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Irish speakers' help, please

17 Apr 17 - 05:07 PM (#3850885)
Subject: Irish speakers' help, please
From: Stower

I'd be very interestsed to know what Irish speakers make of claims about a 16th century song.

There are claims about a song popular in England in the 16th and 17th century with the variously spelt allegedly transliterated title and refrain, Callin o custure me, Calen o Custure me, Caleno custure me, Callino Casturame, etc.

I'm aware of various claims for an original Irish and am enquiring about their credibility:

Cailín ó Chois tSiúre mé = I am a girl from beside the [river] Suir
Cailín óg a stiuire me = my dear little girl
Cailín og a stuair me = Colleen oge astore = young girl of my heart forever, or young girl, my treasure.

My questions for speakers of Irish ?
Are these translations of the presumably phoenetic English back into Gaelic and then the Gaelic into English credible, in your view?

Do you think the pronunciation of any of these Gaelic phrases can be credibly transliterated into Callin o custure me? Not being an Irish speaker, I know nothing of Irish pronunciation, either currently or, more to the point, in the 16th/17th century. If any reader is a historian of the Irish language and its pronunciation, I'd really like to hear from you.

There is a 17th century John Playford song, An Irish Tune, whose entire words are, "Callino Callino Calino Castore me, Eva ee, eva ee, loo, loo, loo, loo, loo". I've read that this too can be seen as a transliteration from Irish. I am sceptical. What do you think?

Any views of Irish speakers will be much appreciated.

17 Apr 17 - 07:53 PM (#3850903)
Subject: RE: Irish speakers' help, please
From: keberoxu

My contribution won't be worth a lot,
but this does put me in mind of a thread I started.
My subject was the popular song "Eibhlín a rúin,"
also known as "Eileen Aroon."

And what catches my attention, is that
"Eileen Aroon," as is claimed of your song,
was popular during the same time period,
also with people who had no Gaelic whatever.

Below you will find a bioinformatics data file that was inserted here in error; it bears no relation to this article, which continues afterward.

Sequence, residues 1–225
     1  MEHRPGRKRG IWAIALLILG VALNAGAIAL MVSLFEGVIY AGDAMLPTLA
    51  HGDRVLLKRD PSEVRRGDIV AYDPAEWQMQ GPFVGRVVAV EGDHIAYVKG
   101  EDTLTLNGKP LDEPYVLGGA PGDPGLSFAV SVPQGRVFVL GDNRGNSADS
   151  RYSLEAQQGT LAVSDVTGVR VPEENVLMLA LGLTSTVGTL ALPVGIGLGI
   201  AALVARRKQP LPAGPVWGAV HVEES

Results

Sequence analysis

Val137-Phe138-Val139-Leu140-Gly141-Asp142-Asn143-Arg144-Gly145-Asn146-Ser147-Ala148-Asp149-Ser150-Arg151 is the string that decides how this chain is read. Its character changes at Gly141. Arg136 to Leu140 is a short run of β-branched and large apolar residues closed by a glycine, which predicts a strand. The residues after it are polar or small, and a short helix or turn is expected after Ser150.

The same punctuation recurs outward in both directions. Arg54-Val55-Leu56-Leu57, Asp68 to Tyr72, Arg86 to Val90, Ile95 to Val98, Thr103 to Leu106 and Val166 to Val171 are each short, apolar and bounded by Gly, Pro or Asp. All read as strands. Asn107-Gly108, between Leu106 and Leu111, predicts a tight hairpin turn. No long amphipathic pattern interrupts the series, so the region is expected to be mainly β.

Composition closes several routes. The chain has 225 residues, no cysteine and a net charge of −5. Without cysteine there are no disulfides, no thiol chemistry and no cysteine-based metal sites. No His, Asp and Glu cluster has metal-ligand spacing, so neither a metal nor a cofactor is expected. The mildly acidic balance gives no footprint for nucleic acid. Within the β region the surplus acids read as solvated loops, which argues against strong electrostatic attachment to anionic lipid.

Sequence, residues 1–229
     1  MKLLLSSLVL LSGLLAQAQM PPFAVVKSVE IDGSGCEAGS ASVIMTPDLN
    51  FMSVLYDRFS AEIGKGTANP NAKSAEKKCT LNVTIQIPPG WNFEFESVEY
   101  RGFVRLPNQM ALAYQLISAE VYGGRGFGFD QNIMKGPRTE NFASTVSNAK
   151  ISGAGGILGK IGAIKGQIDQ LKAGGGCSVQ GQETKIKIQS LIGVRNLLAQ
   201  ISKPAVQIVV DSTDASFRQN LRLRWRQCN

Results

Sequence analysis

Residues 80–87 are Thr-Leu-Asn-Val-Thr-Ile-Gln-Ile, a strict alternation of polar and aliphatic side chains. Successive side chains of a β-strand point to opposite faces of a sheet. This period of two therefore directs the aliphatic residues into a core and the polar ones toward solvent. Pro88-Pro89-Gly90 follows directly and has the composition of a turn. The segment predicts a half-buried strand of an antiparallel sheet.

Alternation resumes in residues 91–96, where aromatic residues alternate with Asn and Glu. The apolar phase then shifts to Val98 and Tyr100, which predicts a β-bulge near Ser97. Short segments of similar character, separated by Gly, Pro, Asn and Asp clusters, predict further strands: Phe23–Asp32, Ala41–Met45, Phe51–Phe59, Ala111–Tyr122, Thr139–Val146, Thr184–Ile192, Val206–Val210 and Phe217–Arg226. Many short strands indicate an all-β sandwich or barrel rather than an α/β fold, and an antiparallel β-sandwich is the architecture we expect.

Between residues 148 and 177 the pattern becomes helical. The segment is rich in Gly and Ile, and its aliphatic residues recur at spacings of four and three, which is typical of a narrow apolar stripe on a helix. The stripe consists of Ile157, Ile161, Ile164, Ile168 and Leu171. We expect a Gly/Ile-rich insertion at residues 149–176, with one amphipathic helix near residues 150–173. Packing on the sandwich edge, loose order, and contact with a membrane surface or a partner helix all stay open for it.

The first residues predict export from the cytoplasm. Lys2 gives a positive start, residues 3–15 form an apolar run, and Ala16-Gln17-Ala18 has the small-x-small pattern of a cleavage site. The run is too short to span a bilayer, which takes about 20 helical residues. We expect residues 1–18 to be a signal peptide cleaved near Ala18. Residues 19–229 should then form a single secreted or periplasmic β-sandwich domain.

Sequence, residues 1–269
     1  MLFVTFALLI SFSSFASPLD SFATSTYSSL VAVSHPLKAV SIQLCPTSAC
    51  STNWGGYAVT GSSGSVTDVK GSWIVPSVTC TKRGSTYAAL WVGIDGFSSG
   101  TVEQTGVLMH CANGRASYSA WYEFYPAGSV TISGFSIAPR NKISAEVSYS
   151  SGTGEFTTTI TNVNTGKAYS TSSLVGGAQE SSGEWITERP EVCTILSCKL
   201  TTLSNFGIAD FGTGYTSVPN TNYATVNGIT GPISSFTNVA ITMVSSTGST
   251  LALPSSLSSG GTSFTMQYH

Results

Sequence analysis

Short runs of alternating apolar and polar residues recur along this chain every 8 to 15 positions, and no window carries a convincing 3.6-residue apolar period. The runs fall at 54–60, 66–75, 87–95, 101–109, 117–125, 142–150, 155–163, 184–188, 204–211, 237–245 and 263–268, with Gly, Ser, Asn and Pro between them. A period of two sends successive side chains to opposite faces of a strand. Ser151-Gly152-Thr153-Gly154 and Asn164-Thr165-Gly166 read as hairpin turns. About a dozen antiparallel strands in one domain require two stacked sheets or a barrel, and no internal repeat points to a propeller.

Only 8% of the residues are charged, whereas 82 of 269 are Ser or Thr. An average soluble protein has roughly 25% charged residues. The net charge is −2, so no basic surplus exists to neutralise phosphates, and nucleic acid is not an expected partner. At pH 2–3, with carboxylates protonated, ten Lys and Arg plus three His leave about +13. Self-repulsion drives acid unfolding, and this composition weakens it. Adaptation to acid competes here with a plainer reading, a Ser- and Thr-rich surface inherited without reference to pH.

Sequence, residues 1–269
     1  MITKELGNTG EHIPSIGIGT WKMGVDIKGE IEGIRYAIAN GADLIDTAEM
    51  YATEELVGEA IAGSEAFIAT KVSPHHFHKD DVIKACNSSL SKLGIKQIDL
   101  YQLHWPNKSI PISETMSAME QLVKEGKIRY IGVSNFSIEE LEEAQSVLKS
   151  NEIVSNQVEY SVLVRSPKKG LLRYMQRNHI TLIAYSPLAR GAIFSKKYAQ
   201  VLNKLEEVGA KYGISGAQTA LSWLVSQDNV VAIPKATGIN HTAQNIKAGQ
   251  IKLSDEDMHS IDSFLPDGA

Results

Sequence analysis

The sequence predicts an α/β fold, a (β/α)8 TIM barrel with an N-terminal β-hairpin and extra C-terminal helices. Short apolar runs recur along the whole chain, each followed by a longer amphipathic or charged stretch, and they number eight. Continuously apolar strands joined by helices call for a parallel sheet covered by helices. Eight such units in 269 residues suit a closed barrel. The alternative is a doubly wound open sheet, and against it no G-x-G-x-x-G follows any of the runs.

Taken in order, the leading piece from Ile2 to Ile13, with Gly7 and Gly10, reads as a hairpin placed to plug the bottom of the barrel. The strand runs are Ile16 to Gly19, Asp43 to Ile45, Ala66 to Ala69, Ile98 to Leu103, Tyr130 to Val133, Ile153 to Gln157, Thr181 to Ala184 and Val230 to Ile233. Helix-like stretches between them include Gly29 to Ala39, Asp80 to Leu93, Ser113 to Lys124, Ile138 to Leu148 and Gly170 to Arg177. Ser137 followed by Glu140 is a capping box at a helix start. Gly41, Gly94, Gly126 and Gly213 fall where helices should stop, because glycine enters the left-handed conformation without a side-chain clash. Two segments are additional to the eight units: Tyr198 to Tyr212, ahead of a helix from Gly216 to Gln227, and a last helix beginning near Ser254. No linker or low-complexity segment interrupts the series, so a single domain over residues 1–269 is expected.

You can see the proof of this in documentation from the 17th and 18th centuries.
And this documentation is attested to in Mudcat's Digital Traditions,
where there are something like SEVEN Eileen or Aileen Aroons, and a number of them
are much the same as your "callin o custure me," written out phonetically as though with Italian vowels and consonants.

The song presented in the OP is entirely unknown to me.
But after what can be observed of "Eileen Aroon,"
it sounds like you are on to something.

17 Apr 17 - 08:00 PM (#3850906)
Subject: RE: Irish speakers' help, please
From: Felipa

yes, they are credible. I would go with Cailín ó Chois tSiúre mé

previous discussion Callino Casturame

18 Apr 17 - 03:05 AM (#3850937)
Subject: RE: Irish speakers' help, please
From: Mr Red

river Suir

If this was transliteration might we make a connection with the English river Soar?

In the process of Anglicising or Irishing - would they not try to use the most familiar.
Or lacking a reference to the river Soar - it would tend to favour the Irish origin.

Just saying.

A case in point is "Horses Brawle" aka "Nonesuch"
There was an inferior tune knocking around France 250 years ago called "Les Bouffant" which clearly had the same roots. As someone, of this parish, pointed out - it was the world-wide hit of 1751 - hence published by Mr Playford as HB.

Asking if "Horses Brawle" is in the key of Gg is a favourite bon mot of mine at sessions, but the real joke is that it should go from G to G minor - but DG melodeons have to cheat on that.

18 Apr 17 - 04:18 AM (#3850950)
Subject: RE: Irish speakers' help, please
From: Stower

keberoxu, thank you. I knew Eibhlín a rúin / Eileen Aroon had been 'translated back into Irish', but I didn't know it had similar interpretation issues as Calleno. Since there are multiple ways of doing this, a part of me does wonder if it is akin to listening to a record backwards - we can hear lots of sentences in there, since we pick out things that make sense to us - but they're not really there, as really we're just hearing a stream of syllables.   

Felipa, I take it you are an Irish speaker. Do you know anything of the history of the language, 16th century pronunciation in particular? If I could find such a person I'd be striking gold for this question. Since there are so many ways of interpreting Calleno, my guess is that interpretation is always making compromises with the language to make it fit, so a specialist in 16th century Irish pronunciation would know, I expect.